There's no available parking at the hotel (that I could see anyway), or adjacent to the hotel that's cost-effective, and the space at the drop-off porch is limited, but at least there's the valet option (NZ$45 per day).

Many of the rooms in the hotel face each other, which is as dull a view as it gets. Also, I'd advise drawing the shades if you're the type to traipse around the room in your birthday suit.

The small but functional business centre, just off the main lift lobby access to the rooms, which was very useful when I needed to get urgent work done. The con? There's no privacy at all.

We stayed in the Luxury King Room (rates start at NZ$280), stylishly furnished in restful tones.

The bed was comfortable, and we slept well. The tv was properly large, had complimentary cable, and set up so we could move it to somewhat face the bed, or the couch.

The bed is right next to the bathroom.

Lanvin toiletries, which exclusively supply to the Sofitel chain, and these ones were orange scented.

I liked that the bathroom at the Sofitel is well fitted out, and definitely more luxurious than the Hilton's almost depressing one. For one, the tub was deep and could easily fit the Hubs and I.

The water pressure of the hand shower was ridiculously low, I would have taken a year to wash out the shampoo in my hair. I'm all for the save-water movement, but that was just ludicrous. Use the rainshower instead, the water pressure was much more efficient.

The modest seating area, which was next to the wardrobe and mini bar. Dilmah teas and nespresso capsules were complimentary, as with tea and coffee making facilities, and the standard honour bar snacks and drinks.

Hotel Sofitel Auckland Viaduct Harbour
21 Viaduct Harbour Ave
Auckland 1010
New Zealand
Tel: +64 9 909 9000


Cut by Wolfgang Puck

Cut by Wolfgang Puck regularly features as one of the top steakhouses in SG. I'm personally partial to Ruth's Chris, but I thought it high time to check out the illustrious MBS tenant, it being on my to-eat since forever, and me never bothering to hit it up because I'm such a creature of habit.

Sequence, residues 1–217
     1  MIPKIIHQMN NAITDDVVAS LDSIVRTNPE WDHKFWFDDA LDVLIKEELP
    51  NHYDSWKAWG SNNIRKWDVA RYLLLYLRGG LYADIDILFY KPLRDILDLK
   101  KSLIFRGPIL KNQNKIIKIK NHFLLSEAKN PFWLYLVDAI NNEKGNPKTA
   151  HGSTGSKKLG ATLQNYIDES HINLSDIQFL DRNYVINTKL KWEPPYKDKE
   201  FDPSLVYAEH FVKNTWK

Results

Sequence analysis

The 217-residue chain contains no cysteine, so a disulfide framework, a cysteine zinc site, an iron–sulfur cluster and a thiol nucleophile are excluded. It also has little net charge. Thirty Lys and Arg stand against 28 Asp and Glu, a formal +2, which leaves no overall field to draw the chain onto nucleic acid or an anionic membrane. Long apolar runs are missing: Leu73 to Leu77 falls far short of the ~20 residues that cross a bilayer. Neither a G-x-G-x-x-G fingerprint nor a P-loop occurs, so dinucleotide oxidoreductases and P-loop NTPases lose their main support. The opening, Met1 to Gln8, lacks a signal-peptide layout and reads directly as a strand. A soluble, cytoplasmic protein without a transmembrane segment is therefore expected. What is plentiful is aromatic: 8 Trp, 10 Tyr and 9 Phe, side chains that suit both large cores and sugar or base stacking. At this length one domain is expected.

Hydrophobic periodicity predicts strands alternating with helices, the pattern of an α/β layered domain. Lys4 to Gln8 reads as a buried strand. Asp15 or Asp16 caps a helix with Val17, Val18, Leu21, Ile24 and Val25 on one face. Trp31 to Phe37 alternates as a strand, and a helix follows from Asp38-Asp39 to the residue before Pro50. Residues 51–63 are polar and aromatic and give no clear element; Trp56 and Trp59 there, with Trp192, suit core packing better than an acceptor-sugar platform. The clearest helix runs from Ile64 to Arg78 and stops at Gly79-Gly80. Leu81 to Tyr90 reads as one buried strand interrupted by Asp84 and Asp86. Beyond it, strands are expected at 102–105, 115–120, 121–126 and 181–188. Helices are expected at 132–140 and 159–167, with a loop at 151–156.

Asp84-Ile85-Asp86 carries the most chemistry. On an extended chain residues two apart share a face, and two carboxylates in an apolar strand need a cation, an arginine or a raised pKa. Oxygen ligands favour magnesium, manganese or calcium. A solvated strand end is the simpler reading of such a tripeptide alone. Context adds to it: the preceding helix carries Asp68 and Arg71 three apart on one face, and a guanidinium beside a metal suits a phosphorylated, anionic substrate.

While the steaks were superb, it was the side dishes that were truly outstanding. Typical comfort foods like mac & cheese and sauteed mushrooms were finessed with polish and elevated with the use of luxurious ingredients. If there was a reason to return to Cut, any of the unforgettable side dishes would be it. The steaks, while faultless, were also unmemorable in that they were no better than the meats at Ruth's Chris or Mortons.

Service was a mixed bag. Despite making reservations at the precise time of 8.30pm, we were only shown to our table 20 minutes after said reservation of 8.30pm. I was a hangry hulk by then, which hunger-induced anger would have been mollified if the front-of-house had bothered to offer us a seat at the bar instead of looking as blank as the space between her ears.

To exacerbate the situation, I was given looks of consternation when I very politely pointed out that my reservation was for 20 minutes ago. Like I was in some way wrong for being displeased?! Or that my displeasure was unjustifiable?! Urghh, what a major fail.

That said, the serving staff was the best:- cheerful, professional, efficient, and whose jovial nature quickly dissipated the abominable front-of-house. They were such lovely folks I was hesitant to bash the atrocious front-of-house. But, it is what it is. So although the front-of-house was abysmal, the serving staff were wonderful.

Still, would I return? Not unless a friend insisted on Cut's steaks. Cut wasn't bad, all things considered, but I much rather Ruth's Chris' authenticity and consistently fine service.